Diagnostic Difficulties

Towards an alternative theory of Alcoholism and Addiction

An alternative definition of Addiction?

Before we discuss the enormous contributions made by neurobiological ‘conditioning’ theories of addiction we will discuss alternatives to these theories of addiction. Interestingly, the theories we posit here, which are based on the role of emotional dysregulation in addiction and alcoholism build on these ‘conditioning’ models. By these we mean that there is an overlap in neural structures implicated in these neurobiological theories and affect-centred theories of addiction.

Our own experience of recovery, coupled with our research over several years, has  made us curious as why the ways addicts and alcoholics themselves talk about their condition or the explanations they forward all generally point to what they would call an “emotional disease” or “a parasite the feeds on their emotions”, an “emotional cancer” or a “fear based disease” yet these are rarely countenanced in any theory of addiction, whether neurobiological, psychological, psycho-analytical (although there have been very interesting ideas based on attachment within this methodology).

How could addicts and alcoholics be so wrong about themselves and what ails them? Especially when they see it also in hundreds of others with the same condition?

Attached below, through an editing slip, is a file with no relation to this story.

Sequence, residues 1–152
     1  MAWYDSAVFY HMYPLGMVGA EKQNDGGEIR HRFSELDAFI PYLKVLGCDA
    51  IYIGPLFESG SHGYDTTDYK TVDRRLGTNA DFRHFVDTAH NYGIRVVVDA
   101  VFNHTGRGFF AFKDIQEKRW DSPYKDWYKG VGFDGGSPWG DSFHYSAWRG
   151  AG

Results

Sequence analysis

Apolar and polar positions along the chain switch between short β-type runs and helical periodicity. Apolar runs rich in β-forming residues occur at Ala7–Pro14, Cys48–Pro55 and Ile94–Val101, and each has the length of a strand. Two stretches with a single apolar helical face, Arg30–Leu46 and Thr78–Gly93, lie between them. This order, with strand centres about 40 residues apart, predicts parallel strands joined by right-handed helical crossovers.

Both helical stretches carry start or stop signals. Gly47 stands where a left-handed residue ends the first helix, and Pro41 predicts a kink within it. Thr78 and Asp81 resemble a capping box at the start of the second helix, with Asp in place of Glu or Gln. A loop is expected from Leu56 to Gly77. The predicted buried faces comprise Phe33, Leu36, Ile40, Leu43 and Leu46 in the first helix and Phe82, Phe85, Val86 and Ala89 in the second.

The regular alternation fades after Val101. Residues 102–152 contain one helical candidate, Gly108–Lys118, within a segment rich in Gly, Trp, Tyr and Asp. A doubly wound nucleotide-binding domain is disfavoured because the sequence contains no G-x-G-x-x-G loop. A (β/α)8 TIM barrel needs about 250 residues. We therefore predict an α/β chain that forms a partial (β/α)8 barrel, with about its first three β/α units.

We doubt that they are wrong, in fact, we have in recent years taken the opposite approach and started to explore, in terms of research, if addiction and alcoholism, especially, have their roots in emotional dysregulation and emotional processing deficits. In even more recent times, we have been encouraged that these difficulties also shape decision making difficulties, distress based impulsivity (leading to compulsivity) lack of inhibition across various psychological domains, as well as more revealingly the cognitive and executive dysfunctions and ‘flight or flight’ reactions which seem common to this clinical group.

There appears to be a short termist decision making profile which we suggest is distress based, which implicates more emotive-motoric regions of the brain rather than goal-directed. This is also seen in children of alcoholics (14). Could this be an important vulnerabilty to alcoholics?

In order to get this debate going we will now consider whether there are possibilities for re-defining the DSM criterion in relation to the manifest difficulties observed in these clinical groups in relation to emotional dysregulation.

One important article to our emerging conception was written by Pani  et al (1).

Pani et al  argued that the “official” nosology (e.g. DSM IV) is largely limited to physical manifestations of addiction. However, they also argue that addicted individuals display additional psychiatric symptoms that affect their well-being and social functioning but which have been relegated to the domain of psychiatric “comorbidity.”   Although the relationship of these psychiatric symptoms with addiction is very close, substance abuse may modify pre-existing psychic structures and lead to addiction as a specific mental disorder, inclusive of symptoms pertaining to mood/anxiety, or impulse control dimensions, or, as we suggest, the various characteristics of emotional dysregulation.